News / Africa

    Suspect in Nigeria Blast Disowned by Niger Delta Militants

    In this undated file photo provided by the militant group Movement for the Emancipation of the Niger Delta, militant leader Henry Okah poses for a photo. The ex-leader of a militant group that claimed responsibility for a dual car bombing that killed 12 i
    In this undated file photo provided by the militant group Movement for the Emancipation of the Niger Delta, militant leader Henry Okah poses for a photo. The ex-leader of a militant group that claimed responsibility for a dual car bombing that killed 12 i

    Authorities in Nigeria say the main suspect in the bombing deaths of 12 people during last Friday's independence day celebrations is former Niger Delta militant Henry Okah. 

    Individual action

    Nigerian security services say there is a clear difference between Henry Okah's individual actions and the group to which he once belonged - the Movement for the Emancipation of the Niger Delta.

    State Security Services spokeswoman Marilyn Ogar says nine suspects under arrest are associated with Okah, not the broader MEND movement. "It think we all have to be careful.  I have mentioned here that we have arrested nine suspects who have direct links to Henry Okah.  I never mentioned MEND.  I never mentioned an organization.  I said to the incident and some unscrupulous prominent Nigerians," Ogar said.

    Denies involvement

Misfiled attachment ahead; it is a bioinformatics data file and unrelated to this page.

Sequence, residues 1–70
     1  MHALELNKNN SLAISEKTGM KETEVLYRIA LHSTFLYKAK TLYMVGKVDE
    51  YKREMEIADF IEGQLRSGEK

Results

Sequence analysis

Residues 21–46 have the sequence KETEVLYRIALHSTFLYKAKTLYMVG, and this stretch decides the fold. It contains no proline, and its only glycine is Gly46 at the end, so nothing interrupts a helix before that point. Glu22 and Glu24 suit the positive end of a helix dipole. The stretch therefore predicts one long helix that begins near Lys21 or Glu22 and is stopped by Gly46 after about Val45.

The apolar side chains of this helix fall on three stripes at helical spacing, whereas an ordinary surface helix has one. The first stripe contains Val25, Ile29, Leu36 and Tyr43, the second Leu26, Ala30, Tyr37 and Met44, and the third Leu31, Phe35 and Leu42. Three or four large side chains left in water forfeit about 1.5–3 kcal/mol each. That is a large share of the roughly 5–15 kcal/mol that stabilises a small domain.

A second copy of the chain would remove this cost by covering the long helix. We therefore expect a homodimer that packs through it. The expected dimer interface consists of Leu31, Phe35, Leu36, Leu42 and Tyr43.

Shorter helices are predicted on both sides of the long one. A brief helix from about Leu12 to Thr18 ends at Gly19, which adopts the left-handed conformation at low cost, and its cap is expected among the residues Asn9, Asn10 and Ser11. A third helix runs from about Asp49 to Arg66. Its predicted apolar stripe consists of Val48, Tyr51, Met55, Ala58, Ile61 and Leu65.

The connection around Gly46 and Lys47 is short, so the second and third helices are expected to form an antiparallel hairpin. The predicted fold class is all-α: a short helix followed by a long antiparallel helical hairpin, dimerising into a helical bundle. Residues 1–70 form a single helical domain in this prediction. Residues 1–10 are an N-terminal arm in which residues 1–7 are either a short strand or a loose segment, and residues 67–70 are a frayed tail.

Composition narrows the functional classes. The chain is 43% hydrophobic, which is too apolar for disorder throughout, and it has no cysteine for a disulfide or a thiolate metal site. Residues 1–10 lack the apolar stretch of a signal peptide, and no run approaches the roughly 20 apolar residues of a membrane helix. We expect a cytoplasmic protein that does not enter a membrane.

Okah is in a South African jail, charged with conspiracy to commit a terrorist act in connection with last Friday's bombing in Abuja.  Okah lawyer Peter Krause denies his client's involvement in the attack and has asked to see the affidavit that led to his arrest, saying he doubts it came from Nigerian authorities.

    "Mr. Okah obviously expects the entire arrest and his prosecution in South Africa to be initiated by the Nigerian authorities," Krause said. "But we do not suspect at this stage that the affidavits upon which the arrest warrant and the search and seizure warrants were obtained emanated from Nigeria."

    Okah was released from Nigerian custody just last year as part of a Niger Delta amnesty program.  So how did he get to be the main suspect in the independence day bombing?

    Conflict with MEND leadership

    Niger Delta student leader Chris Onodjacha is the National Association of Nigerian Students president.  He says the problems between Okah and MEND began when Okah refused to accept last year's amnesty.